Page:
The Sunday Mail
Zimbabwe is forecast to have raked in US$6 billion in mineral exports last year, which is a significant milestone in current plans to grow the sector’s contribution to the economy to US$12 billion by 2023, the Government has said.
The sector accounts for more than 60 percent in foreign currency receipts annually and 13 percent of Gross Domestic Product (GDP).
Mines and Mining Development Minister Winston Chitando said investments by mining companies in recent years had boosted output and placed the country firmly on course to meet the envisaged target.
Growing investments are mainly attributed to deliberate policies meant to smoothen the operating environment.
In a presentation at the Rodgers Alfred Nikita Mangena Barracks (formerly Zimbabwe National Defence University (ZNDU) last week, Minister Chitando said mining had grown from US$2,7 billion in 2017 to US$5,73 billion in 2021.
“The final figures will be announced, but we will have about US$5 billion generated by the mining sector in 2021. US$12 billion was structured in a way that looks at some of the low-hanging fruits, which had potential to give immediate returns, then some projects which would take medium term to implement,” he said.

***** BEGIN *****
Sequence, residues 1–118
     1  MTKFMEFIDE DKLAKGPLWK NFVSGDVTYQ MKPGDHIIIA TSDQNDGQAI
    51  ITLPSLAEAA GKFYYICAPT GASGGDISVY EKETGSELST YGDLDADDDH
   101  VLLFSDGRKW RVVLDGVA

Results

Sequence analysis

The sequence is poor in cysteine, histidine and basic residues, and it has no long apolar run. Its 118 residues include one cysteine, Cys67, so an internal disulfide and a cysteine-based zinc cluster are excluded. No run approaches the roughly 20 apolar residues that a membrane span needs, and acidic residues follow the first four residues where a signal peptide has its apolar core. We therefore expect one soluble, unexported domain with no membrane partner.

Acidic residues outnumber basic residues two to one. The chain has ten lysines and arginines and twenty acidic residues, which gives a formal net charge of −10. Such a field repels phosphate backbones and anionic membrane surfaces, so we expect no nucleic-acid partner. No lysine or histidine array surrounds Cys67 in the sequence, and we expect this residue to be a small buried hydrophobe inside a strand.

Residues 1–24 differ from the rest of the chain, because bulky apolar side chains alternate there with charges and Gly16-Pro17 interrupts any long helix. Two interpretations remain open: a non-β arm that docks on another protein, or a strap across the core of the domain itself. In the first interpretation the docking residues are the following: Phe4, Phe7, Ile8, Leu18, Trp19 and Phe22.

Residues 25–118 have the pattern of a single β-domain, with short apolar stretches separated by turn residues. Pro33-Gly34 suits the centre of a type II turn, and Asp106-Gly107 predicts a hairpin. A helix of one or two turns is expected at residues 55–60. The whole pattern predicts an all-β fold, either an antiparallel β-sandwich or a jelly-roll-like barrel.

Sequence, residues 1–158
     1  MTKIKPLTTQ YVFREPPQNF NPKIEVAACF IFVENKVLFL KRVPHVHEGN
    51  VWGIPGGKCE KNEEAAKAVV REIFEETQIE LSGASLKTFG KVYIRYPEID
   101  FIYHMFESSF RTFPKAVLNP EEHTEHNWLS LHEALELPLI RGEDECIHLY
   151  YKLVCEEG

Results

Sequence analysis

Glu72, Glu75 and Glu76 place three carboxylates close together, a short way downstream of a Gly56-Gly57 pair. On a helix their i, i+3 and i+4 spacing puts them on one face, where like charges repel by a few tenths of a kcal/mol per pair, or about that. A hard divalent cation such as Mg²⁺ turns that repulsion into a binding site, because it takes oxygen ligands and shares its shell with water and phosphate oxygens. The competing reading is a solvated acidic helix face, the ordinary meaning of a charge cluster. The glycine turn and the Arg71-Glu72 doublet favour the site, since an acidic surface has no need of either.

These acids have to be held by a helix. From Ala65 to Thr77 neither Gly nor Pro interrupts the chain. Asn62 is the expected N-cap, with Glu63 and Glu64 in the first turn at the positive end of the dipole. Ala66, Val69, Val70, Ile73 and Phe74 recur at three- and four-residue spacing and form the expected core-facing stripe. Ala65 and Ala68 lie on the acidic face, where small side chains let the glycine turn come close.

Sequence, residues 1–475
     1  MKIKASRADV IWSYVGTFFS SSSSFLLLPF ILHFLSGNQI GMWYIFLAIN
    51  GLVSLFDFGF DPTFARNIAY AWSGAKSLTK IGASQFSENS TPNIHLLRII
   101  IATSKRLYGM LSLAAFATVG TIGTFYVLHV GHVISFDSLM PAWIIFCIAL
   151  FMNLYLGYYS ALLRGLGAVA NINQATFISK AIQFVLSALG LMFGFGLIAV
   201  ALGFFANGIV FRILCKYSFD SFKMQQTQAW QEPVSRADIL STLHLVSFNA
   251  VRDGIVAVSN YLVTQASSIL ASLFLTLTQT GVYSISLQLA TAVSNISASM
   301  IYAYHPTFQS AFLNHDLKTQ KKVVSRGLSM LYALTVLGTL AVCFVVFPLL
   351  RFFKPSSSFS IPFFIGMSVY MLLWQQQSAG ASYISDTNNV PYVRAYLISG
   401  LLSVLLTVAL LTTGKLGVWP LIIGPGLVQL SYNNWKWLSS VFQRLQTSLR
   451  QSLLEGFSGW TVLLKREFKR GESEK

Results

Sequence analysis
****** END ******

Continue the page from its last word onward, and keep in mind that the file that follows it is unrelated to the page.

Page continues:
“ . . . The fact of the matter is every day we are moving towards the attainment of US$12 billion by 2023. It will be achieved and it is being achieved every day.”
Over the years, lack of capital has been a major constraint in developing mining projects, but the situation has since improved owing to targeted policies by the Second Republic.
“What we have been lacking as a country is capital. We have the minerals; we have human capital. I have said it on many forums that there is no country in this world that has better human capital in mining than Zimbabwe.
“We do have the human capacity, something which has been demonstrated over years, but we lack focus on economic development, which enables capital to flow in.”
Sustained economic development, Minister Chitando added, was not an event, but a process that required serious planning and action.
“If there is a mine that requires five years to build, even if you are in a rush, you cannot do it in six months.
“So economic development is a process, not an event.
“The most important thing is to identify the process and start walking in the process,” he said.
A number of new projects are at various stages of implementation.
In terms of the US$12 billion target, US$4 billion is expected from gold, US$3 billion from platinum, US$1 billion from coal, US$1 billion from diamonds, US$1 billion from chrome, ferrochrome and carbon steel, US$500 million from lithium and the balance from other minerals.
The country has inherent potential in the sector since it has over 60 mineral occurrences.
For instance, it is home to the world’s second largest deposits of platinum group metals and is believed to have potential to supply a quarter of the total value of diamonds traded globally.
Recent official data shows that nickel mattes earned Zimbabwe US$1,14 billion, nickel ores and concentrates US$956 million, while semi-manufactured gold exports raked in US$1,36 billion in the eleven months to November 2021.
Unwrought platinum earned US$186 million.